There’s been a lot of talk lately in the library world about the coming age of FRBR-ized library catalogs (prompted in part by development of RDA, a cataloging standard that uses FRBR). Exactly what such catalogs will look like, and whether they will actually help readers use the library more effectively, are matters of ongoing debate. One of the key differences between FRBR and older catalog models is that books and other resources that share common properties can be grouped together at various levels of abstraction.
FRBR, highly abridged
Such grouping can be helpful, for instance, for people looking for a suitable copy of Shakespeare’s play Hamlet. In a traditional library catalog, a title search for Hamlet might yield a long list of hundreds of hits, in which it is difficult to select a particular copy, or to find other appropriate search results (like William Faulkner’s book The Hamlet) among all the hits for various versions of Shakespeare’s creation. In a FRBR-ized catalog, though, the various editions (or “Manifestations“, in FRBR-speak) of Hamlet can be grouped into various “Expressions“, denoting particular texts of Hamlet, and those Expressions can be grouped into a single “Work” denoting Shakespeare’s dramatic creation.
Ideally, a general search in a FRBR-ized catalog for Hamlet would yield one hit for Shakespeare’s Hamlet as a Work, instead of hundreds of editions (unless the search terms implied a more specific edition or version). Users could then examine the Work hit to choose an appropriate copy; or they could more easily find other “Hamlet” hits if they really wanted something else, like the similarly-titled book by Faulkner. (The specific copy that the user finally obtains is known as an “Item”, and represents a level of abstraction below Manifestation. The full resource abstraction stack is sometimes referred to as “WEMI”, short for “Work, Expression, Manifestation, Item”.)
In practice, there have been plenty of arguments over the details of the FRBR information model, such as where exactly the distinction is made between a Work and an Expression, or where one should model multiple Works instead of one. Ultimately, though, FRBR is intended to make it easier for users to find, identify, select, and obtain library resources. Each of these four verbs is explicitly defined as a FRBR “user task”. The information model is useful only to the extent that it supports these user tasks.
FRBR-like catalogs on the Web today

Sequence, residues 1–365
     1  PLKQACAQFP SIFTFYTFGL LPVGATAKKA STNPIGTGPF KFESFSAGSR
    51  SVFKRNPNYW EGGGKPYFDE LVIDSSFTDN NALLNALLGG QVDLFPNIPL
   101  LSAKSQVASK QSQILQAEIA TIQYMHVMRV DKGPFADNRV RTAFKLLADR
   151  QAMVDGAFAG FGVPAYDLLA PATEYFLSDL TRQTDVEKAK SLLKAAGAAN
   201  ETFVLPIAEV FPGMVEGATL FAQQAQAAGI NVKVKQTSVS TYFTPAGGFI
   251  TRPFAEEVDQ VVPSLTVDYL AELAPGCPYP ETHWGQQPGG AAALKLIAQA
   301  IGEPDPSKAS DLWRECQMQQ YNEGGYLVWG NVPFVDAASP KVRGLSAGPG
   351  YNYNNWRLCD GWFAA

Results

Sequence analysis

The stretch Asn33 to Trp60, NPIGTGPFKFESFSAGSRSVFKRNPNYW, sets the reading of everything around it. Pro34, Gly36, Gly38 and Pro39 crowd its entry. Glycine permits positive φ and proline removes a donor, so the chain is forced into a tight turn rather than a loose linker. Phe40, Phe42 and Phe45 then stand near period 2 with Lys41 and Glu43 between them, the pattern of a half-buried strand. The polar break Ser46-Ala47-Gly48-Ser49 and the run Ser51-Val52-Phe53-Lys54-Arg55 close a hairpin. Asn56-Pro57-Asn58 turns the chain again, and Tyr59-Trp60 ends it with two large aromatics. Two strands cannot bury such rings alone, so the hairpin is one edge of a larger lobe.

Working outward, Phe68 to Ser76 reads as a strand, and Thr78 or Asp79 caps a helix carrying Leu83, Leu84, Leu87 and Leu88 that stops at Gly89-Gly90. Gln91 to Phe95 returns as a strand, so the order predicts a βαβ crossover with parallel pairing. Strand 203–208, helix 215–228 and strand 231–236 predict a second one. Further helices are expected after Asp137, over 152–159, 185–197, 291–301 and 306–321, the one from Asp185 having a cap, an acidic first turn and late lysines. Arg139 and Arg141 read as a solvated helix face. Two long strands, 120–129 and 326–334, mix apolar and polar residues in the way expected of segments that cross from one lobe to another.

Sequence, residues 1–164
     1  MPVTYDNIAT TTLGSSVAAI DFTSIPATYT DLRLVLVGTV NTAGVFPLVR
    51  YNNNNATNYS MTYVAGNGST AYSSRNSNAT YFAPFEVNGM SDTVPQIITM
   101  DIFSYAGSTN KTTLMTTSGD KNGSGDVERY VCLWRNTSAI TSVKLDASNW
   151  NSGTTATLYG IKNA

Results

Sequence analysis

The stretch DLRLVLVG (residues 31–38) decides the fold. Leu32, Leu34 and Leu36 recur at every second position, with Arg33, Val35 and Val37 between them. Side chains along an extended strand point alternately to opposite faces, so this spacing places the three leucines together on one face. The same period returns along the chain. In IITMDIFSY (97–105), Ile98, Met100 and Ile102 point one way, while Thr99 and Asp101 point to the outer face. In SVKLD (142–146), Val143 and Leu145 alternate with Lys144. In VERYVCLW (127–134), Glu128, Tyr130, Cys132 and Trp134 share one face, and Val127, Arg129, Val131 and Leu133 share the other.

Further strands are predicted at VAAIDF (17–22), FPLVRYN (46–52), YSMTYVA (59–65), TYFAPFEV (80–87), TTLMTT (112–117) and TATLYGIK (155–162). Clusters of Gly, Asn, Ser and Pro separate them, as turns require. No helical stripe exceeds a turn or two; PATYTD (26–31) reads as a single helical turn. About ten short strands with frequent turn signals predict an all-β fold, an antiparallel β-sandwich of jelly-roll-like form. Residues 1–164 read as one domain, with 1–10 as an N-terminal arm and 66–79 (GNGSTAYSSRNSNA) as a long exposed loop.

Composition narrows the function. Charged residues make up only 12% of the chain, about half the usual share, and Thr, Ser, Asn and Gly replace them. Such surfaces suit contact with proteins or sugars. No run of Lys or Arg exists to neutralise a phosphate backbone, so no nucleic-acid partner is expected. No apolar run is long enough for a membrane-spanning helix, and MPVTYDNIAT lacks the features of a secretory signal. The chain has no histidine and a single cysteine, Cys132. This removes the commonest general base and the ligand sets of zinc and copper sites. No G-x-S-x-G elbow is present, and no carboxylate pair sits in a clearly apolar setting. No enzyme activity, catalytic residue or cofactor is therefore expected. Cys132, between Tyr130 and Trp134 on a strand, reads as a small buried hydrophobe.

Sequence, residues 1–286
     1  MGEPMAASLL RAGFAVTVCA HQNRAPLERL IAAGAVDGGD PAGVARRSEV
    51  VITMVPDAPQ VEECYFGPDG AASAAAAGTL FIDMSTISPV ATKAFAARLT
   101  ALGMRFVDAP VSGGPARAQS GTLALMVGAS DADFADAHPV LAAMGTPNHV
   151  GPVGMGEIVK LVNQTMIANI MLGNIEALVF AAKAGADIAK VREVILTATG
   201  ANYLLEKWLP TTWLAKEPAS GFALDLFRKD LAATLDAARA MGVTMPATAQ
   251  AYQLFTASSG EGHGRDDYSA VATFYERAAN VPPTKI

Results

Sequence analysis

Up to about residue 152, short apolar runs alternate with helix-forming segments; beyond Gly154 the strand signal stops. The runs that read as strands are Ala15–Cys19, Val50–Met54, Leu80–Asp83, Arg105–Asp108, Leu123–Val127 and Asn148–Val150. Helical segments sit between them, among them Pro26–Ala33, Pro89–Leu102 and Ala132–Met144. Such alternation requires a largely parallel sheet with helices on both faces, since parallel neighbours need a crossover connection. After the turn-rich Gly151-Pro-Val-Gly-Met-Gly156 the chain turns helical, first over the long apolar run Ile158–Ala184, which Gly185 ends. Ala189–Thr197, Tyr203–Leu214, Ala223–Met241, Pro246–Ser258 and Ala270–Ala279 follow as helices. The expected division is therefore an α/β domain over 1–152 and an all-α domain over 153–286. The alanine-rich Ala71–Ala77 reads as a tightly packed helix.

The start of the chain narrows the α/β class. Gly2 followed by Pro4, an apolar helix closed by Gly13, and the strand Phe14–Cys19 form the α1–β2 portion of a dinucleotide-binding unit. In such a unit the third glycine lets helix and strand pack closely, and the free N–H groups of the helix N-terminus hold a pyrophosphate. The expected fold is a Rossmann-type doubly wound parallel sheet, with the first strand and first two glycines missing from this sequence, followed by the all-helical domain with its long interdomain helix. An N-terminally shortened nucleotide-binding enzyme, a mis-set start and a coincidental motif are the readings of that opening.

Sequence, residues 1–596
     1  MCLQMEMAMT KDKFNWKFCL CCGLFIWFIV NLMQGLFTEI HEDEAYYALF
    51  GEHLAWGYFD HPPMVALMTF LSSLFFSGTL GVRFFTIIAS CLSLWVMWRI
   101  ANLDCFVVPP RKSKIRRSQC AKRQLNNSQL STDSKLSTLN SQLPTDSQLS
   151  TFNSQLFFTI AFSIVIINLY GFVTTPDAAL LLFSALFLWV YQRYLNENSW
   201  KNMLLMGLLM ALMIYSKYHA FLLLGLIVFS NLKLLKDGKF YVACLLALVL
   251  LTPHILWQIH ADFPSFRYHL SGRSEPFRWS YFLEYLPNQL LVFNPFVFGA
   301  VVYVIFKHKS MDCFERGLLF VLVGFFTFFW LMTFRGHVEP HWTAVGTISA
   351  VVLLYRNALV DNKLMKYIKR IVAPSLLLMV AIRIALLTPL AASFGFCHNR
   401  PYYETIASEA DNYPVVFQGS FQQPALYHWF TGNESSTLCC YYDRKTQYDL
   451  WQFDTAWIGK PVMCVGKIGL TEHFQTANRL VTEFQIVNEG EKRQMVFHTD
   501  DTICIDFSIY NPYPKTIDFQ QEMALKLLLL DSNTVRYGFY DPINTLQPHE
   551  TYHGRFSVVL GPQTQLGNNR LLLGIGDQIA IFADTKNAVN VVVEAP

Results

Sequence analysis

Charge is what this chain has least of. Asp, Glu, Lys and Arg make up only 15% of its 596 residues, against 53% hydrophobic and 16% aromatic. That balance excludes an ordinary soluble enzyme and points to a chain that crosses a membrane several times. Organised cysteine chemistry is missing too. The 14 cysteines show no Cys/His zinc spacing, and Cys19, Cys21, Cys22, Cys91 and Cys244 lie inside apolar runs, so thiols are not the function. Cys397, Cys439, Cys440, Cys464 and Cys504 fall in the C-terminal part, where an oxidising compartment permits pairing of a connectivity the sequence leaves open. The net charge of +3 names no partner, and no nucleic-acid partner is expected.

Even while libraries are debating whether or not they will develop FRBR-based catalogs, several FRBR-like catalogs have appeared on the Web, and are being used by growing audiences of online users. They have some interesting things in common. They all support some degree of representation of works at a higher level than the traditional library records. And they all honor the FRBR information model more in the breach than the observance None of them use the FRBR WEMI model as-is, at least in the user interface, though many of their designers cite FRBR as an influence.
Typically, the “FRBR-like” catalogs now in common use show “works” and “editions”. “Works” here refer to something like FRBR Works or Expressions; the distinction between the two is not usually made in the user-facing production catalogs I’ve seen. “Editions” refer to particular FRBR Manifestations. These catalogs consolidate search results that all fall under a particular “work” (thus streamlining the FRBR “Find” task), and also offer “work”-oriented displays that include details about the “editions” encompassed by the work (thus supporting the “Identify” task). They do not give much explicit assistance towards Selecting (though most traditional library catalogs do not either). And in many cases the metadata for editions is not consistent enough to support a consistent Work grouping throughout the catalog (let alone one that is consistent with other catalogs).
Example 1: OpenLibrary
As an example of how this works in practice, consider the user searching for “Hamlet” in the Open library. Once we get past an oddly malformed first hit, the second hit is for the play “Hamlet” as a work, consolidating 665 editions beneath it. (We see also Faulkner’s The Hamlet right below that, instead of several screenfuls later.)
If we click on the hit for the play, we then go to a work page that shows information about the play in general, followed by the list of 665 associated editions. There’s not a whole lot here to help users choose a good edition, though the display does show covers or title pages when available. Also, the online editions, which are the easiest for Web users to obtain, are shown first. (The online book metadata comes from the Internet Archive, the sponsor of Open Library.)
Example 2: WorldCat.org
OCLC uses similar technologies in its Worldcat.org and WorldCat Local products. Searching for Hamlet in WorldCat.org, for instance, we get a hit for the play followed by hits for various movies and books. If you click on the title “The tragedy of Hamlet, prince of Denmark” in the first search result, you’ll just see information on the featured edition (from Yale University Press). But if you click instead of “View all editions and formats” note at the bottom of the first search result, you’ll see that over 4000 editions are lumped under this work. You can cut down this list somewhat using facets that specify format (book, video, audio), language, and/or year of release.
As far as I know, OCLC does not maintain an explicit work record for Hamlet; a lot of the grouping here appears to be automatically inferred from existing ‘edition’ records. The list contains a wide variety of Hamlets, including translations, audio readings and performances, and videos of stage productions and film adaptations. But it’s an incomplete list; the DVD of Kenneth Branagh’s film of Hamlet, for instance, shows up in the initial Hamlet search results, and doesn’t seem to included as one of the DVD editions under the first “Hamlet” hit.